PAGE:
More than 300 participants at the conference will compare countries' education levels, life expectancies and standards of living to determine how to make their people happier.
The term "gross national happiness" was coined by Jigme Singye Wangchuck, the former king of Bhutan, more than 30 years ago to measure a country's wellbeing.
Bhutan, which lies between India and China, has championed the concept, promoting a growing movement calling for happiness and other unconventional indicators to form a part of mainstream development policies.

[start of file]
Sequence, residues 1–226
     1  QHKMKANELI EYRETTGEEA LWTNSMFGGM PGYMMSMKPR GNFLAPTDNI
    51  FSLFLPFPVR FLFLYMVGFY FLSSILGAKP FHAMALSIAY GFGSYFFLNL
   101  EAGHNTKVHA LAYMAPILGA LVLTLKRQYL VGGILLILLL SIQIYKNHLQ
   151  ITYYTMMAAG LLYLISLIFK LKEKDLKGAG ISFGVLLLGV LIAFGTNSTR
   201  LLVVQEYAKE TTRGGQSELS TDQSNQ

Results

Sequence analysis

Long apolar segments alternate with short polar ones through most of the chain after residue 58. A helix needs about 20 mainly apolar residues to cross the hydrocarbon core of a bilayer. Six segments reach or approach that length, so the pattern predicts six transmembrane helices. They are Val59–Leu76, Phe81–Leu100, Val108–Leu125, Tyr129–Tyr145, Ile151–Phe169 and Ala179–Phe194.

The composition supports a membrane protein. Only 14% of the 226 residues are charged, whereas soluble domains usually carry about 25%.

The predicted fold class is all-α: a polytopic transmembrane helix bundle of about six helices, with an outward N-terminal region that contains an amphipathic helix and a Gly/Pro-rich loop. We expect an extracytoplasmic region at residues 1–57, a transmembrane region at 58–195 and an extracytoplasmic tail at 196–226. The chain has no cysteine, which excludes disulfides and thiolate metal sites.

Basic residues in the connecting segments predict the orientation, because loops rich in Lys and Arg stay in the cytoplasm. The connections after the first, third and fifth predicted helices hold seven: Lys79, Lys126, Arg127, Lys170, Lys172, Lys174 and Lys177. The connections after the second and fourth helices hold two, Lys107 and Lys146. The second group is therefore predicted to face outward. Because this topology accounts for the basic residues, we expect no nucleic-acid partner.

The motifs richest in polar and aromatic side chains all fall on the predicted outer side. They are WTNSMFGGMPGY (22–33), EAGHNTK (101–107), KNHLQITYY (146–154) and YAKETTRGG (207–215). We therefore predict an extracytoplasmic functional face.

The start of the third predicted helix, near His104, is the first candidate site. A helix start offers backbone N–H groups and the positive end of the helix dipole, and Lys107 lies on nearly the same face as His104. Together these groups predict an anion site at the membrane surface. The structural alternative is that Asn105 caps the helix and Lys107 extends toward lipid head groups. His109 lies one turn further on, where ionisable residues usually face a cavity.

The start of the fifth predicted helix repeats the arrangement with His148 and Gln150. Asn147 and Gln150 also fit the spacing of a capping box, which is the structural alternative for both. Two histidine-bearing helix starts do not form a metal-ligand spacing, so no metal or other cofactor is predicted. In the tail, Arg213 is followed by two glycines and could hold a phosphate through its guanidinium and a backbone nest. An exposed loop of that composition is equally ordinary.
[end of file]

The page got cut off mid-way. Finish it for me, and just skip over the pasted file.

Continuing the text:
Lyonpo Jigme Thinley, minister of cultural affairs and a former prime minister of Bhutan, said: "The pursuit of happiness does not have to result in the dismantling of the economic order.
"It simply has to do with balancing our process of development with the development that also caters to the needs of the mind."
The four pillars of gross national happiness are: cultural promotion, equitable economic development, good governance and environmental conservation.